JIS News

Story Highlights

  • The recently established Praedial Larceny Prevention Unit will be increasing engagement with the farming community as it works to tackle the scourge of praedial larceny, which is costing the agricultural sector some $6 billion annually.
  • Information sharing is critical to the success of the unit.
  • The entity in carrying out its work is forging partnerships with key stakeholders and making use of technology.

The recently established Praedial Larceny Prevention Unit will be increasing engagement with the farming community as it works to tackle the scourge of praedial larceny, which is costing the agricultural sector some $6 billion annually.

“Information sharing is…critical to the success of the unit. We need to share information and communicate effectively with farmers,” said Sergeant Damian Harry, who is attached to the unit in the Ministry of Agriculture, Labour and Social Security.

He noted that “in time passed, the overwhelming sentiment from farmers is that they are suffering and nobody is doing anything, so we hope to change that perception and engage the use of the media to get the message out.”

Sergeant Harry, who was addressing a recent JIS Think Tank, said the entity in carrying out its work is forging partnerships with key stakeholders and making use of technology, “We recognise and appreciate that a $6 billion a year problem needs partnership with major stakeholders.  So, we collaborate with entities such as the Rural Agricultural Development Authority (RADA), the media, Jamaica Agricultural Society (JAS), community groups, the Ministry of Justice and lay magistrate associations to form meaningful partnership and strategic alliances,” he noted.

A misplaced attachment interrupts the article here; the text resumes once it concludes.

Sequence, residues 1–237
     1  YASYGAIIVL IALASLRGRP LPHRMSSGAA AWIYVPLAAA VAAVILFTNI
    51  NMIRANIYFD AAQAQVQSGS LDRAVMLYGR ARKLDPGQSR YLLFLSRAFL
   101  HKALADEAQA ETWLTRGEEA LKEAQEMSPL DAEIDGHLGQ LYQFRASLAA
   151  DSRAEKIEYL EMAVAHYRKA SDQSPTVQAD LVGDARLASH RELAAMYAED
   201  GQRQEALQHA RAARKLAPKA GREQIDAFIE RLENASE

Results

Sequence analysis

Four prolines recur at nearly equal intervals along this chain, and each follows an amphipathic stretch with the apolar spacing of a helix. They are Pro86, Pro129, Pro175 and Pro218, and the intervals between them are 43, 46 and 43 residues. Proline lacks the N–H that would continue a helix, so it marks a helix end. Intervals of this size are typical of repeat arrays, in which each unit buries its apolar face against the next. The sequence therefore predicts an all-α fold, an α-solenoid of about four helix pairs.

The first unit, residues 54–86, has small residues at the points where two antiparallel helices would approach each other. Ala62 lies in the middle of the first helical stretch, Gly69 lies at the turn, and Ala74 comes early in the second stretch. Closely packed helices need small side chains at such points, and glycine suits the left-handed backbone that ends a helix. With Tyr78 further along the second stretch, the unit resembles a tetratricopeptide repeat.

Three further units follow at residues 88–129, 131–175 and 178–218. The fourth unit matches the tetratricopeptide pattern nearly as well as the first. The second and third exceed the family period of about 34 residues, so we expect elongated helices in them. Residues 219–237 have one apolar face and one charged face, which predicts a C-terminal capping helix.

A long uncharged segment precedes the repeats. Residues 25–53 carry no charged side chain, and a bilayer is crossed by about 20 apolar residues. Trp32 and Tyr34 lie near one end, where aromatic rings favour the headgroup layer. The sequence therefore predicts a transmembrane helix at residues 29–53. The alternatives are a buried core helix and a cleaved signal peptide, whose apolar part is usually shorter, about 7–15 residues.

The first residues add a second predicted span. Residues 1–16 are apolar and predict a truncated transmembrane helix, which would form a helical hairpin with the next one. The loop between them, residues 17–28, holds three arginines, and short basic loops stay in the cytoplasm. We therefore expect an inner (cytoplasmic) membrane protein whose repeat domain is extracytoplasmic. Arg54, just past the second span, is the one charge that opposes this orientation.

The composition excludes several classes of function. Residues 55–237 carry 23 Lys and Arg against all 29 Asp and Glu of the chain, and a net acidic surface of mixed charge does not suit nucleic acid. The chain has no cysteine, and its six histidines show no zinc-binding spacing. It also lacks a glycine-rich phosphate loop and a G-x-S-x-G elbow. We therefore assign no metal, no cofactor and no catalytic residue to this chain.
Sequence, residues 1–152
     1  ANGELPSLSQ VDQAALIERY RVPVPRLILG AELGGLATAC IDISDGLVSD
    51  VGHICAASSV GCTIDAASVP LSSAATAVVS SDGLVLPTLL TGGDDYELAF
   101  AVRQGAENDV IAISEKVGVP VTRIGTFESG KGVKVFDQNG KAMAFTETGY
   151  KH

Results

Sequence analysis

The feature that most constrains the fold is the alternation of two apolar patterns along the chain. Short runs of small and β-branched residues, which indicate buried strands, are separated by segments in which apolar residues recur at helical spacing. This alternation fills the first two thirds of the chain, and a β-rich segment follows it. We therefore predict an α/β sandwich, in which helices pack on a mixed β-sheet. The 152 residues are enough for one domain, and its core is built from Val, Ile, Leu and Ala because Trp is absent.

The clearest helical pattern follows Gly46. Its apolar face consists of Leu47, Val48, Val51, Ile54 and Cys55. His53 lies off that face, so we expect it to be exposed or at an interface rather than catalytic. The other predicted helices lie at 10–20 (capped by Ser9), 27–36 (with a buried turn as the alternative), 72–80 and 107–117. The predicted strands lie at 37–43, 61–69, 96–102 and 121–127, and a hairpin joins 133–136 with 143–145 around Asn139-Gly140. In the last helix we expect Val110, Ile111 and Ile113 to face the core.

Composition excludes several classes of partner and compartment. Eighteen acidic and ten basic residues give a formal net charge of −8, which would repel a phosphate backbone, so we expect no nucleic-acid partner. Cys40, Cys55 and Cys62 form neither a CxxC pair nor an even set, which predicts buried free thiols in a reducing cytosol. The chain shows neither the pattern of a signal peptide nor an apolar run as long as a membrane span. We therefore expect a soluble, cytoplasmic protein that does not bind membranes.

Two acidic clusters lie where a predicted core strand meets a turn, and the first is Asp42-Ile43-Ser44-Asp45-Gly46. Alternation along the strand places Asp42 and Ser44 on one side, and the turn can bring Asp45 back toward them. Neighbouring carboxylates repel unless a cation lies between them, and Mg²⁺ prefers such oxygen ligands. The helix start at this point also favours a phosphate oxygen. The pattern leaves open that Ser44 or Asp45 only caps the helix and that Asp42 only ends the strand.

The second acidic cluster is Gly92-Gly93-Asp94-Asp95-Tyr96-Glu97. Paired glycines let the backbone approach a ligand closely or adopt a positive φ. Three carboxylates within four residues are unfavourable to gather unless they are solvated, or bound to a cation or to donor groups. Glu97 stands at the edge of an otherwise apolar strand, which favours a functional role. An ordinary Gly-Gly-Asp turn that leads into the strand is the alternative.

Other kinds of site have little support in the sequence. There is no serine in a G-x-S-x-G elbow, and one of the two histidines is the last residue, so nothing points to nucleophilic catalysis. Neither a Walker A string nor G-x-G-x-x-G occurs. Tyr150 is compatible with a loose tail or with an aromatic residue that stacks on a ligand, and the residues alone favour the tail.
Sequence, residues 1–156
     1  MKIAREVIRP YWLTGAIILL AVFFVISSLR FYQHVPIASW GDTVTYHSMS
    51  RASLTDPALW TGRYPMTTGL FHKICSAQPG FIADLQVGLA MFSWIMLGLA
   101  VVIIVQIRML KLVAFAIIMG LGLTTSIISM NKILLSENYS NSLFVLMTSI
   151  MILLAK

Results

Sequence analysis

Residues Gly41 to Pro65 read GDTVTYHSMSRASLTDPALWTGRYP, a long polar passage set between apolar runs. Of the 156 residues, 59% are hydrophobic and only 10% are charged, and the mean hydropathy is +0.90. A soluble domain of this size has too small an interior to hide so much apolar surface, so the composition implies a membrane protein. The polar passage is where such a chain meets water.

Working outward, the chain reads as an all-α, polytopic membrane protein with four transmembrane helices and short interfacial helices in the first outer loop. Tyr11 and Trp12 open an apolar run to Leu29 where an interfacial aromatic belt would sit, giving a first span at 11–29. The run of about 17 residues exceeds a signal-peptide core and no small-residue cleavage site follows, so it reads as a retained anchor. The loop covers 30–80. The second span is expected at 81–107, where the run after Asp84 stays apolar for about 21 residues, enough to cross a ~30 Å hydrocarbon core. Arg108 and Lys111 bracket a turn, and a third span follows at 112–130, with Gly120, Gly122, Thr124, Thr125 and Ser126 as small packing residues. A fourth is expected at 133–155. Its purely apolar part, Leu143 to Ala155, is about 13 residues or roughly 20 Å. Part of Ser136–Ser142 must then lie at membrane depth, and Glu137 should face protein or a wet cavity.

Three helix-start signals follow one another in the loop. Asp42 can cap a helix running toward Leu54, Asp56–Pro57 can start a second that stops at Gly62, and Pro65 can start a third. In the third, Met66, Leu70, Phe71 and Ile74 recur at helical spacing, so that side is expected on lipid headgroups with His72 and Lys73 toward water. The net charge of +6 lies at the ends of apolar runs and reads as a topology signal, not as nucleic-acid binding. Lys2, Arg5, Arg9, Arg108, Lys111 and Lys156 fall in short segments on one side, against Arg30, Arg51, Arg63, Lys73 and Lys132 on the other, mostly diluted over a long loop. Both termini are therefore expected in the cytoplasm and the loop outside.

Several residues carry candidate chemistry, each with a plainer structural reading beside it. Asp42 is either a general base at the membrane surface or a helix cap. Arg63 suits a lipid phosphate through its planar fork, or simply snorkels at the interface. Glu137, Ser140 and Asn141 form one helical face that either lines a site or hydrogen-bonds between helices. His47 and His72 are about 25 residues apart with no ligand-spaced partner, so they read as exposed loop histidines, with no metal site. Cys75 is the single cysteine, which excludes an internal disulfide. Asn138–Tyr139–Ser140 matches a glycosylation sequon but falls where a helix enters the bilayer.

In terms of utilising technology, Sergeant Harry cited the use of the Agricultural Business Information Systems (ABIS) to help in the verification of information such as the traceability of goods.

There is also the National Animal Identification Traceability System (NAITS), through which every head of cattle and other livestock will be tagged and issued a passport. The passport will contain critical information about the animal and will be mandatory for movement of all animals. The system is in the pilot phase.

“We want to take back all the profits from farming that are going to the praedial thieves. We will use all the tools in our power to ensure that farmers reap what they sow,”   he said.

The Praedial Larceny Prevention Unit was established in March in direct response to the high level of farm theft that is negatively impacting the viability of the agricultural sector.

The mandate of the unit, which is headed by Deputy Superintendent of Police (DSP), Kevin Francis, is to coordinate all praedial larceny activities islandwide.